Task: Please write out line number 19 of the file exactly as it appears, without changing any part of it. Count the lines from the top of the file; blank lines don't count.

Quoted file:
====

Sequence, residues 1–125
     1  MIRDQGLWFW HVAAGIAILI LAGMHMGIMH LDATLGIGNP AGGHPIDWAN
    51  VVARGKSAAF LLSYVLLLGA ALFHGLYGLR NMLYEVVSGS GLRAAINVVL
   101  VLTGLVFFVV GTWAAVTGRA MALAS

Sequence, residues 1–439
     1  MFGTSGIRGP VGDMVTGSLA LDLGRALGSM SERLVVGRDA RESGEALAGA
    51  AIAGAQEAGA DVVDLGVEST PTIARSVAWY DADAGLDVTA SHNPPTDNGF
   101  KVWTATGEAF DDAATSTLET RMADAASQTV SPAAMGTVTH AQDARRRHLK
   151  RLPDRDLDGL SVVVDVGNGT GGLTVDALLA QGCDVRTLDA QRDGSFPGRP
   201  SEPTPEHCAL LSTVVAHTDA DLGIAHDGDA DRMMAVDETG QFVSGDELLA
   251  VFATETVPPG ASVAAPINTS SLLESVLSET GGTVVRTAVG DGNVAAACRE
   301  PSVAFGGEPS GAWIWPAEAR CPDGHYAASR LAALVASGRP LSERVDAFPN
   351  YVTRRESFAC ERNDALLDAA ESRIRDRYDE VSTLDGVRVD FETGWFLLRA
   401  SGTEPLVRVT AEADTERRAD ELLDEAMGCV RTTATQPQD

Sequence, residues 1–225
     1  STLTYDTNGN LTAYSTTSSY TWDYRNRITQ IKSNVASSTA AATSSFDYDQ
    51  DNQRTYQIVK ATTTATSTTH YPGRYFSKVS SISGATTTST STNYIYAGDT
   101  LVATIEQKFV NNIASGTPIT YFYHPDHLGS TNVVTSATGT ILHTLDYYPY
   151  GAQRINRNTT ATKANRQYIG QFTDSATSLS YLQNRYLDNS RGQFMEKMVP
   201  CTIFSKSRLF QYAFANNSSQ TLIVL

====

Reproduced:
   151  GAQRINRNTT ATKANRQYIG QFTDSATSLS YLQNRYLDNS RGQFMEKMVP